April 3, 2014 by Reader's Connection
Here’s your chance to read a great book before it becomes your new favorite TV show in 2014.
–Selector Robin Bradford
April 1, 2014 by Reader's Connection
April is National Poetry Month, and we begin with three poems from a new poet.
“‘Blessed Are the Wingless . . . ‘” and ”Six Owls” and “Five Horses (A Gratitude)” all appear in Cecilia Llompart’s first collection The Wingless, (from Carnegie Mellon University Press, ©2014) and are reprinted by permission.
The latter two poems here are from a section called “Wherever We Roam” which begins with “Eight Buffalo” and works its way down to “One Jackrabbit.”
“Blessed Are the Wingless . . . “
Blessed are the wingless, for their bones
are not hollow but heavy with want.
Blessed is whatever flocks homeward,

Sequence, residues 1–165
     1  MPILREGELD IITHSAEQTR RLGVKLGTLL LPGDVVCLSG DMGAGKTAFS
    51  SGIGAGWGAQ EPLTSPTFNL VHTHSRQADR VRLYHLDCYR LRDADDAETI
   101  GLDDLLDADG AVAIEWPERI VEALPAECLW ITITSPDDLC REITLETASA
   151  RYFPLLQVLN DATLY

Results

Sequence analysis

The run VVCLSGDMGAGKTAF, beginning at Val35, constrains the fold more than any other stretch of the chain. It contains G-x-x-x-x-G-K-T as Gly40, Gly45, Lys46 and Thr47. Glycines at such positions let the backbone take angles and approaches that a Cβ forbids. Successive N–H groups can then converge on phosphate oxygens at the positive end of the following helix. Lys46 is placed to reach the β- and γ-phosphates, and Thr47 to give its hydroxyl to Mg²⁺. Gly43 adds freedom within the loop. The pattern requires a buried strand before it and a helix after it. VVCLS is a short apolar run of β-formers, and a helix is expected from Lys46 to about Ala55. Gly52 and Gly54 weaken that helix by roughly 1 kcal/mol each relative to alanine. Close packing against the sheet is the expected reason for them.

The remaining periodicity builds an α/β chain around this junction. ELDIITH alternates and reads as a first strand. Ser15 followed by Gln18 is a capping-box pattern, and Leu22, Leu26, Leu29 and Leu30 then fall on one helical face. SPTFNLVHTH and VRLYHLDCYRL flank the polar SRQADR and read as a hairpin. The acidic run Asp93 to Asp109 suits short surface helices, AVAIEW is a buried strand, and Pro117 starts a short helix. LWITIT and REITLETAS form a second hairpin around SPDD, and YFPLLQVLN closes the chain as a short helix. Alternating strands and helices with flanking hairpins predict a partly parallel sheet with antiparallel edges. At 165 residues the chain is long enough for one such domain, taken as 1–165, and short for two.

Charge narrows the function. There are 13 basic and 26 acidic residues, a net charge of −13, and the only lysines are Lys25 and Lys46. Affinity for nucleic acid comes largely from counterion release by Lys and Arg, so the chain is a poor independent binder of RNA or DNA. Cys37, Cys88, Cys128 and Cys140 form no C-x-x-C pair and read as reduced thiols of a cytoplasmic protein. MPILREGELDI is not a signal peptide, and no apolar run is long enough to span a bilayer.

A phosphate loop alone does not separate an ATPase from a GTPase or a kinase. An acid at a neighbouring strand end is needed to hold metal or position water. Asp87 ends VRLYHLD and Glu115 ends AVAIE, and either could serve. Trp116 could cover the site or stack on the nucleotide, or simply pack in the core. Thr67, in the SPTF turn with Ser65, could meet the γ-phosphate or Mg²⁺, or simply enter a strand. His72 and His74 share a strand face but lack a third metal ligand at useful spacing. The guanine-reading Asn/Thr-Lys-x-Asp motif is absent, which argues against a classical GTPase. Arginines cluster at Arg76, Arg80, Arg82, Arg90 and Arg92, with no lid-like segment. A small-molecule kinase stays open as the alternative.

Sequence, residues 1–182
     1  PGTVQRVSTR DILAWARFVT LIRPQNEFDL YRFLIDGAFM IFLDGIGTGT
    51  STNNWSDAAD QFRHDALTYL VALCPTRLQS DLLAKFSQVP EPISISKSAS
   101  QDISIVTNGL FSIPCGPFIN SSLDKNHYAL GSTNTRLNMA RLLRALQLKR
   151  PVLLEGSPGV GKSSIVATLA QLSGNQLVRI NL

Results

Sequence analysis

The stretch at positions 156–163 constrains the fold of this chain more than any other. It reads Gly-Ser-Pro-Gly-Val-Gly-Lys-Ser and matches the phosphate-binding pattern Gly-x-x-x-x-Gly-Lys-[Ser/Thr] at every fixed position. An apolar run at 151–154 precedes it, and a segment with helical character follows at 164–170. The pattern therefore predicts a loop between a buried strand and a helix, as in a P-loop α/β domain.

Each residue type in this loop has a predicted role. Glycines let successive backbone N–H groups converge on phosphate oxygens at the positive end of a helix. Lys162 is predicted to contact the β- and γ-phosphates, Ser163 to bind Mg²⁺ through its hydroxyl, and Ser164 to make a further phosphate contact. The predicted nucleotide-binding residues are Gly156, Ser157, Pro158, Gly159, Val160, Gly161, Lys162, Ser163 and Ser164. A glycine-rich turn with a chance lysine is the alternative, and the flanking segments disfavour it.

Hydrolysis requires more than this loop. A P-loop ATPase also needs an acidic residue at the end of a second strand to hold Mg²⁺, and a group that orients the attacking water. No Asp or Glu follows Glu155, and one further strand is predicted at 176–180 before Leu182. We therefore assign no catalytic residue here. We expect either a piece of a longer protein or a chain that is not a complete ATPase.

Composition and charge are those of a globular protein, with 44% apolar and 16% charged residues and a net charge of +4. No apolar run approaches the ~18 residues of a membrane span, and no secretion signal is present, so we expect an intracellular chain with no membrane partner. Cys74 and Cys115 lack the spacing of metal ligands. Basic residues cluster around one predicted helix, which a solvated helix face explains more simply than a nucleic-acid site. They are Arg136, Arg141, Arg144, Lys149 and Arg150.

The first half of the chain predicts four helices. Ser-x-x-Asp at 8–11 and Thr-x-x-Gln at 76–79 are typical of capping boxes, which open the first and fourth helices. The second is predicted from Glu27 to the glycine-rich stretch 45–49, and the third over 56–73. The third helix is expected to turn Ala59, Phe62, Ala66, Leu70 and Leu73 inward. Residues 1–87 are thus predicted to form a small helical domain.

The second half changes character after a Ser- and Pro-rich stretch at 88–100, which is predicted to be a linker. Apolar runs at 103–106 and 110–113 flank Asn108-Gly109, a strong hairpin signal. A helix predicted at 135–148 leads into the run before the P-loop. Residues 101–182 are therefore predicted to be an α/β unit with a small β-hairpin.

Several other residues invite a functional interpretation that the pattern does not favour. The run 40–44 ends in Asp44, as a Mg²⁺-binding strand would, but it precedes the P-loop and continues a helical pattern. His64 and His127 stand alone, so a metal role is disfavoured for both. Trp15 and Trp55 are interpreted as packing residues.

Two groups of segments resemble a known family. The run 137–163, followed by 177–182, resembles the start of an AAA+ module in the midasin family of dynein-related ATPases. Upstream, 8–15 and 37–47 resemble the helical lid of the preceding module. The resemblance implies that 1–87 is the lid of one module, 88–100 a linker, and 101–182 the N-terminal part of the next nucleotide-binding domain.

as well as whatever remains–as I do–
for the winter. Blessed are those who
shoulder up. Blessed are those who suffer
no fools. Blessed what is in me to tip
the intimate scale of guilt, and blessed
that guilt for it knows no immediate
bounds. For it made me better than I am.
Blessed is the solemn animal that weighs
every question asked, finally, by the river.
Blessed all the debris that waits inside
of monuments. Blessed is your body,
big enough for the both of us. Blessed
are my hands for falling upon all which
they do not understand. Blessed is the moon,
bled white, bandaged in silk. Blessed too,
the stars. For it is with the mercy of carrion
birds that they dip their fingers in silver
and pick her carcass clean. Blessed is the sea,
graveyard of time. Blessed are the black waves
that congregate like mourners. Blessed are those
who have done their weeping, and are quieter now.
In the days when owls moved